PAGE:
An MIT Alumni Association Publication

For generations of MIT students, the Infinite Corridor has been more than the hallway that runs from 77 Massachusetts Avenue to Ames Street. It is the excitement of racing between classes. It is the lively conversations and laughter shared with friends and professors. It is the journey of being at MIT itself: working rigorously to realize one’s full potential. Now, with the opening of the MIT Alumni Lounge, the community of 143,000 alumni who once walked the corridor as students have a permanent home there.

The lounge’s construction began in 2020 (along with many other campus renovation projects), and although there were delays due to the pandemic, it opened in 2022. Its development was made possible by the philanthropic support of alumni donors and the commitment of Institute leaders to elevating the alumni presence on campus. Located at 10-100, adjacent to Lobby 10 and steps away from the entrance to Killian Court, the suite of rooms occupies the space that once welcomed prospective students as the reception area of the Admissions Office. Now it will serve as a new landmark for students, faculty, staff, alumni, and visitors.

“The MIT campus—the Infinite Corridor,  Killian Court, Kresge, the Student Center, research labs, dorms—will always hold special memories for alums as the place we spent countless hours learning and growing together,” says Annalisa Weigel ’94, ’95, SM ’00, PhD ’02, president of the MIT Alumni Association at the time the lounge opened. “Now there is a place right in the heart of campus that we alumni can really call our own. A place to continue our lifelong relationship with the Institute and with the global MIT community.”

With two distinct areas, the MIT Alumni Lounge offers a range of uses for alumni returning to campus. An area with comfortable furniture serves as a setting for informal meetings or a spot to rest during campus travels. Opposite is an intimate conference space that alumni can reserve to meet with staff, students, or one another. Flexible walls also offer the option of creating one large open space for communal events. While the lounge is outfitted with cutting-edge technology, including audiovisual capabilities and a new HVAC system, the restoration of the room’s original terrazzo floor and stone border connects past to present.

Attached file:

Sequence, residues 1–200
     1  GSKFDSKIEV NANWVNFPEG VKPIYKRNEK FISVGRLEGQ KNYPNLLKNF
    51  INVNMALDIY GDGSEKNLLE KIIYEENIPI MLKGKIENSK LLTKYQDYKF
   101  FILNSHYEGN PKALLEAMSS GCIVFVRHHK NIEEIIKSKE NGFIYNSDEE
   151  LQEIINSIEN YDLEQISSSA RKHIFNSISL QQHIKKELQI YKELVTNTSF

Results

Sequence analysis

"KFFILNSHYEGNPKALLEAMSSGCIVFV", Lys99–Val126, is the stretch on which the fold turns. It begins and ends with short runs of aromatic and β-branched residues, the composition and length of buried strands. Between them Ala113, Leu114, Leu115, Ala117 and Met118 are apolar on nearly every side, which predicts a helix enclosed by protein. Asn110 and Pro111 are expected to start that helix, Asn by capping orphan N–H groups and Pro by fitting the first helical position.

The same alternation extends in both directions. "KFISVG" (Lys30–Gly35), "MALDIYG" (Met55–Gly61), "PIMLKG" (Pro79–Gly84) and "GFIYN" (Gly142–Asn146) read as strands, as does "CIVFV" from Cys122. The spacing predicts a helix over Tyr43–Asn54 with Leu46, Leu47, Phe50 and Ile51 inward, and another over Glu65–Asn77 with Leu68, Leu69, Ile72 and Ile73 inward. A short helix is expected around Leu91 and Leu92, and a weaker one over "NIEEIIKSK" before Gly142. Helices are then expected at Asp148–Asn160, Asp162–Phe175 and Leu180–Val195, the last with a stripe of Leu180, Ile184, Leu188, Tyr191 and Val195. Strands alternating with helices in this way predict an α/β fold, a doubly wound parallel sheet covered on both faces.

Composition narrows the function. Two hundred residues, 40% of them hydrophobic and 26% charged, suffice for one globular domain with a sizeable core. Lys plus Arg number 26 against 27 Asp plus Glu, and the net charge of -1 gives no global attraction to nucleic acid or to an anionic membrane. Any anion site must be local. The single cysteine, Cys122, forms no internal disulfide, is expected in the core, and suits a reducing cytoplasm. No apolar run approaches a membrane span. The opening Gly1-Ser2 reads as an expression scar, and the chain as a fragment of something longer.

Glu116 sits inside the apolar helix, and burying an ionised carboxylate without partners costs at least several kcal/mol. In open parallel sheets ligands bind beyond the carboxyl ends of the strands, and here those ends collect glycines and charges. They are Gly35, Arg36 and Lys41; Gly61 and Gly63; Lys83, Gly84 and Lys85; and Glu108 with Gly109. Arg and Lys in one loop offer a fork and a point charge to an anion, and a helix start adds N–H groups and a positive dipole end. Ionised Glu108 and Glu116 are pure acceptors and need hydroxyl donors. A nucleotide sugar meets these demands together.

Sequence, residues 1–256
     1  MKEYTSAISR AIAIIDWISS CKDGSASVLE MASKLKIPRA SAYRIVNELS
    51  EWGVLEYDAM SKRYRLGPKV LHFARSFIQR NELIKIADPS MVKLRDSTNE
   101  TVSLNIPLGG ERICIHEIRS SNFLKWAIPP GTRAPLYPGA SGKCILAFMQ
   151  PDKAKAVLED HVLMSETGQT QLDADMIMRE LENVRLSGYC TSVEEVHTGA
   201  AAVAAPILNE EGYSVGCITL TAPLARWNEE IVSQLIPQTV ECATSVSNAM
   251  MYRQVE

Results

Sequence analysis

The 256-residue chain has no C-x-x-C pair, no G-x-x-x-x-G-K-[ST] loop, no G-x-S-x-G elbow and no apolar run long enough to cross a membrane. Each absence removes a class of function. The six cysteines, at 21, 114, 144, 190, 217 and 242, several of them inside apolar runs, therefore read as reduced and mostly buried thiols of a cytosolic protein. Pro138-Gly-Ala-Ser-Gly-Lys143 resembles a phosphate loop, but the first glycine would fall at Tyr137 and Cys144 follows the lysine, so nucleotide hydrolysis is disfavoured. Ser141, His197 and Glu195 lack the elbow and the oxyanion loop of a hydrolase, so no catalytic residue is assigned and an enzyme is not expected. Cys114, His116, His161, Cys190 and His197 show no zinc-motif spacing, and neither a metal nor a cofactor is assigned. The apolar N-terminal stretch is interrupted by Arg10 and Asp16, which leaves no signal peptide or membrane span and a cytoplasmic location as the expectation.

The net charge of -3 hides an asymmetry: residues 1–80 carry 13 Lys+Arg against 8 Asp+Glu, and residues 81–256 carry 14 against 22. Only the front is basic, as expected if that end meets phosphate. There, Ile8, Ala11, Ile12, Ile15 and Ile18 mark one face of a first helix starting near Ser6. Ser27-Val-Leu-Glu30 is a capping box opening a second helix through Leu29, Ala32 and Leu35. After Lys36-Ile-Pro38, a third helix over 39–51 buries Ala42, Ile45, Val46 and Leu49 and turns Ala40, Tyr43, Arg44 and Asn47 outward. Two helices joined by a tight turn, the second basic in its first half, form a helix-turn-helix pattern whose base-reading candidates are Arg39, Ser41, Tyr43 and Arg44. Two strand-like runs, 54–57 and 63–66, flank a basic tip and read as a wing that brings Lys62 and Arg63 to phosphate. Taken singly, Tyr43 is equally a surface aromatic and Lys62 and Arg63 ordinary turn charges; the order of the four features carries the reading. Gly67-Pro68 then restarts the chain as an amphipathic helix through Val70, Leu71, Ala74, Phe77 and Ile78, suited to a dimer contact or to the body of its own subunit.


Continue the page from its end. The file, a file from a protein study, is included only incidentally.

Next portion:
An eye-catching digital display enlivens the hall across from the lounge entrance. The display wall serves to engage passersby with captivating imagery and storytelling focused on MIT’s alumni community and information about MIT Alumni Association benefits and programming.

Not only does the display reflect the alumni community, but it was also designed in partnership with members of that community: MIT spinout SosoLimited, an art and technology studio led by Eric Gunther ’00, MEng ’02, Justin Manor ’00, SM ’03, and John Rothenberg ’02, SM ’07. Founded at the Institute in 2003, the firm employs a multidisciplinary team of experts who create inventive technological solutions—from kinetic sculptures to interactive lighting displays—for organizations like Intel, Akamai, the Boston Museum of Fine Arts, and even MIT’s own welcome center.

The lounge begins an important new chapter in the story of the Institute’s graduates, says MIT Alumni Association CEO Whitney T. Espich, noting that alumni have helped shape MIT’s efforts to make a better world for more than 160 years. 

“At MIT, our alumni help to define who we are and where we are going—from the legacy they have left behind to the impact they continue to have on the world around them,” says Espich. “This dynamic new space and its placement along the Institute’s most populous point of daily activity symbolically honors the resonance of those contributions. We are thrilled to finally be able to provide alumni a central place on campus to call home.” 

Interested in visiting the Alumni Lounge? Get your MIT ID for alumni.

This article also appears in the March/April 2022 issue of MIT News magazine, published by MIT Technology Review.

Photo: Courtesy of Utile/Randy Crandon